- Master Thomas Aquinas and the Fullness of Life by John F. Boyle
This short, pocket-size book is a publication of the annual Aquinas Lecture that the author delivered at the University of Dallas in 2013. As noted in the acknowledgments, he presents "the connecting tissues that unify [his] seemingly disparate scholarly work on St. Thomas Aquinas" (xii). In point of fact, given that this scholarly work has spanned the author's entire professional career, this book, I would suggest, offers not only consideration of "connecting tissues" of academic labor but also the ruminations of the author's life-long conversations—even friendship—with "Master Thomas." What the author gives the reader, in other words, are his mature reflections "on Master Thomas precisely as a master, as a teacher" (xv).
To this end, the author fittingly enough presents to us a master of both philosophical and theological wisdom. The wise man, the author notes in an opening section entitled "Master Thomas," sees things in relation to their causes and thereby orders them according to their ends. This upshot is clear: "this drive to order things … characterizes Thomas's teaching" (13). The "connecting tissues" of the author's research that he chooses to substantiate this, and to which the core of the book is dedicated, are Aquinas's position on life (specifically, its natural degrees and its moral and supernatural aspects) and his biblical exegesis.
We turn, then, to the degrees of natural life. Here the author cites the classic Aristotelian-Thomistic view that what defines life is the ability for self-movement. Generically speaking, we find three distinct types of things that move themselves: plants, "which move themselves in a very limited way" (20); animals, which "move themselves … according to the instrumentality of bodily organs and parts" and which "apprehend the forms of other things" through the senses (21); and man, who moves himself like animals do but whose self-movement, as expressive of his intellectual nature, is also "immediately consequent upon an end not simply given in nature" (23-24). The author then explains that the source and first cause of life is of course God, "whose nature is [his] very act of understanding" and who "is [his] own end," as he is "always in act" (26). In this way, life reaches "its ultimate perfection in God" (28).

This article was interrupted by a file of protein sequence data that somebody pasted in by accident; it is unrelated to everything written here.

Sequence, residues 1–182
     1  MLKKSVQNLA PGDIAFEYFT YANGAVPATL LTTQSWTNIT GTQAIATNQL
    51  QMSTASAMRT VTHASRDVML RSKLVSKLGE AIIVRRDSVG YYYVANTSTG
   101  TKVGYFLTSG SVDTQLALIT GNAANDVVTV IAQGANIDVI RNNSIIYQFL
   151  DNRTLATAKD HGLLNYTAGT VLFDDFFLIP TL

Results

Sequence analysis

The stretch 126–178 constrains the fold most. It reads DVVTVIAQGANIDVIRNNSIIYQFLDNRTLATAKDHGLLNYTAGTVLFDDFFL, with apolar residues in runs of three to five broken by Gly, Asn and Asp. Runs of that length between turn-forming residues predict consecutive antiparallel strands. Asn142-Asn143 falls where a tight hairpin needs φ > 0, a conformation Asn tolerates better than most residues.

Moving to consideration of the moral life, that is, of the "good life" for the human being, the author notes how the definition of life—the ability for self-movement—still holds, since the moral life concerns the way the human being moves himself in the way intended by his nature as through certain "habits," thereby acquiring "a kind of second nature" (30). The foundational principle here is that we are ordered to the good as to our proper end and perfection: "the good perceived draws us to itself; it is part of our self-movement, a part of our living, that we move ourselves to the good" (34). And since God, who [End Page 140] has revealed himself as a Trinity of persons, is himself the First Good, the human being's ultimate end and perfection is properly supernatural, not simply natural.
This leads the author to conclude the section on life with consideration of the supernatural life. Here he places the focus on two supernatural virtues: faith and charity. As regards the former, "a habit that makes the intellect assent to things that appear not" (41) and which "is not a mere feeling … [nor] a mere confidence" … [but a] knowing [of] the truth" (43), the author stresses how Aquinas's teaching on the supernatural virtue of faith "reminds us with his exquisite clarity that man knows and assents to the truth [both natural and revealed] with only one power, the intellect. The life of the mind is one and unified" (44). Also key to Aquinas's presentation of faith is the fact that "with faith, man begins eternal life here on...